noun, plural abilities.
power or capacity to do or act physically, mentally, legally, morally, financially, etc.
competence in an activity or occupation because of one's skill, training, or other qualification: the ability to sing well.
abilities, talents; special skills or aptitudes: Composing music is beyond his abilities.

1350–1400; Middle English (h)abilite < Middle French < Latin habilitās aptitude, equivalent to habili(s) handy (see able) + -tās -ty2; replacing Middle English ablete < Old French < Latin, as above

subability, noun, plural subabilities.

ability, capacity.

1. capability; proficiency, expertness, dexterity. 2. Ability, faculty, talent denote qualifications or powers. Ability is a general word for power, native or acquired, enabling one to do things well: a person of great ability; ability in mathematics. Faculty denotes a natural ability for a particular kind of action: a faculty of saying what he means. Talent is often used to mean a native ability or aptitude in a special field: a talent for music or art.
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Based on the Random House Dictionary, © Random House, Inc. 2014.
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World English Dictionary
ability (əˈbɪlɪtɪ)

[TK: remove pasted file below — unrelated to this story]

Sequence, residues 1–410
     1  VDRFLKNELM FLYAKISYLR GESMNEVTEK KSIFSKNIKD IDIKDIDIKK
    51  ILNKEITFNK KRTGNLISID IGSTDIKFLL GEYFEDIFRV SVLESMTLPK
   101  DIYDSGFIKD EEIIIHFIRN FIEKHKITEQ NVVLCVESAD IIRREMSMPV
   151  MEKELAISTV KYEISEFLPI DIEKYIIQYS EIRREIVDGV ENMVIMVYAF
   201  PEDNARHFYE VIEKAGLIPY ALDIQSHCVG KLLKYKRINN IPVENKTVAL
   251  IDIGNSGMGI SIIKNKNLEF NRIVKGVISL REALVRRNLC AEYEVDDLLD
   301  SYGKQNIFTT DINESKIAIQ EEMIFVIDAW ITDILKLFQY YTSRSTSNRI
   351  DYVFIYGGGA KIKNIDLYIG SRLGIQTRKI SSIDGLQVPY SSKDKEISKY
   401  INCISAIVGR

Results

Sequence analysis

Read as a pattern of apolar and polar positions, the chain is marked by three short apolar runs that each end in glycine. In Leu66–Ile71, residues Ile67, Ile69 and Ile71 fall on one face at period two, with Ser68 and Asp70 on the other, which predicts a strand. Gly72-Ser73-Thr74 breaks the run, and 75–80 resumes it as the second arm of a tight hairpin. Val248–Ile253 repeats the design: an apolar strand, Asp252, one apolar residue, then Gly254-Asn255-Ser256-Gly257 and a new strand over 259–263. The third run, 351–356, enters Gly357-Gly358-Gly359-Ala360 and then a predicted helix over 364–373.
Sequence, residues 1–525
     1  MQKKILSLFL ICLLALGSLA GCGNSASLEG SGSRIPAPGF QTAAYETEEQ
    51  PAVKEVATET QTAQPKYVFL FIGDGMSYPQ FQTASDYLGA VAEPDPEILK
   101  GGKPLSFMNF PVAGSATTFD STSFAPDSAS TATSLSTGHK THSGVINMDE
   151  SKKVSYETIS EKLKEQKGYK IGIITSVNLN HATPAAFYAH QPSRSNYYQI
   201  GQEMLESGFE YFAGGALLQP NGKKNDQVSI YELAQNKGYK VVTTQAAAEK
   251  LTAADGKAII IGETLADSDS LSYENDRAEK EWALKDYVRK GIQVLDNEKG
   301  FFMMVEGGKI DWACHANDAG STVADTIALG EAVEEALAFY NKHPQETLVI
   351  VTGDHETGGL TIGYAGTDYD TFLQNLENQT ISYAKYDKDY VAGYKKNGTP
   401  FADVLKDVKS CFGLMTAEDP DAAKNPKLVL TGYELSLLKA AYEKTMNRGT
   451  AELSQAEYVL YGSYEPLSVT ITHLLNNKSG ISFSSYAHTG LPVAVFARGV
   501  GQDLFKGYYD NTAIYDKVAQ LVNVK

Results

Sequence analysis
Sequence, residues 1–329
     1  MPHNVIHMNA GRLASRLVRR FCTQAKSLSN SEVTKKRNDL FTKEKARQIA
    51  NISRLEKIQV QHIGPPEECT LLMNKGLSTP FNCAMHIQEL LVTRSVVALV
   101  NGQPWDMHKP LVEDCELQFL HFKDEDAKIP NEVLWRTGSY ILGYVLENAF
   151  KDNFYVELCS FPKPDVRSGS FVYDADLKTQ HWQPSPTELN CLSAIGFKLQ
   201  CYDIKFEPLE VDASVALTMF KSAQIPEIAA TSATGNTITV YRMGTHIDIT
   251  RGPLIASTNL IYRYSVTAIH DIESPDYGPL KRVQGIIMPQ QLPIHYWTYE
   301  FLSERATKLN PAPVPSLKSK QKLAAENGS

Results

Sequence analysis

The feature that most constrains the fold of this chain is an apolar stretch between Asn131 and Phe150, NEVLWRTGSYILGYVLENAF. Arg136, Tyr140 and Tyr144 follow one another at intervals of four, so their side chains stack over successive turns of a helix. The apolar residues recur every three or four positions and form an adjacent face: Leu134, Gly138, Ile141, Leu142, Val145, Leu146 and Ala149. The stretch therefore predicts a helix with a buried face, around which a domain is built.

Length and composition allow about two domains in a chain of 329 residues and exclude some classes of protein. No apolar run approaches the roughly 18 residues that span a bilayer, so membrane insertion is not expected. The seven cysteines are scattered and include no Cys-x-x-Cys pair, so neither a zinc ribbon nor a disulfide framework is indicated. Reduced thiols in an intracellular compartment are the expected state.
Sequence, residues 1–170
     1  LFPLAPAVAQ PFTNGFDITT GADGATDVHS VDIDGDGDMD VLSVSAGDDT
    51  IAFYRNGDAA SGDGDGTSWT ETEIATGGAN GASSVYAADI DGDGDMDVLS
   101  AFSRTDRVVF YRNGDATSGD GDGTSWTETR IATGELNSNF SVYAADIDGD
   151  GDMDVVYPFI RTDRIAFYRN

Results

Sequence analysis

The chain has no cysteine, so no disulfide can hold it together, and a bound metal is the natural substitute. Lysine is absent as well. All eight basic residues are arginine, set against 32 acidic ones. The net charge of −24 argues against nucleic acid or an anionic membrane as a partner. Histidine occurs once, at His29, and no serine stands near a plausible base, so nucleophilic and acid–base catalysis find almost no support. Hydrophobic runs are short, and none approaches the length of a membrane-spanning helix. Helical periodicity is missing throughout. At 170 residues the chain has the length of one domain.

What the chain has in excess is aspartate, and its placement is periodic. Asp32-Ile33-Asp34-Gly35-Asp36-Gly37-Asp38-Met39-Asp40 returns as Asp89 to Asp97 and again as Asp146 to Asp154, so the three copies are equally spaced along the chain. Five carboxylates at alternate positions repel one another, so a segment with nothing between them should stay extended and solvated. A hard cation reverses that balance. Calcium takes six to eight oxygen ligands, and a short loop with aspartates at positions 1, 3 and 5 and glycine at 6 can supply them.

n , pl -ties
1.  possession of the qualities required to do something; necessary skill, competence, or power: the ability to cope with a problem
2.  considerable proficiency; natural capability: a man of ability
3.  (plural) special talents
[C14: from Old French from Latin habilitās aptitude, handiness, from habilisable]

Collins English Dictionary - Complete & Unabridged 10th Edition
2009 © William Collins Sons & Co. Ltd. 1979, 1986 © HarperCollins
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Word Origin & History

late 14c., from O.Fr. ableté "expert at handling (something)," from L. habilitatem (nom. habilitas) "aptitude," from habilis "easy to manage, handy" (see able). One case where a silent L. -h- failed to make a return in Eng. (despite efforts of 16c.-17c. scholars); see H.
Online Etymology Dictionary, © 2010 Douglas Harper
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Example sentences
Demonstrated leadership abilities along with excellent planning, interpersonal
  and communication skills are required.
Males also have better spatial abilities than females.
Researchers used high-speed cameras and slowed the video to study the jumping
  abilities of frogs.
Our abilities to do this peak-shifting visually may have evolved long ago in
  the earliest mammals or even before.
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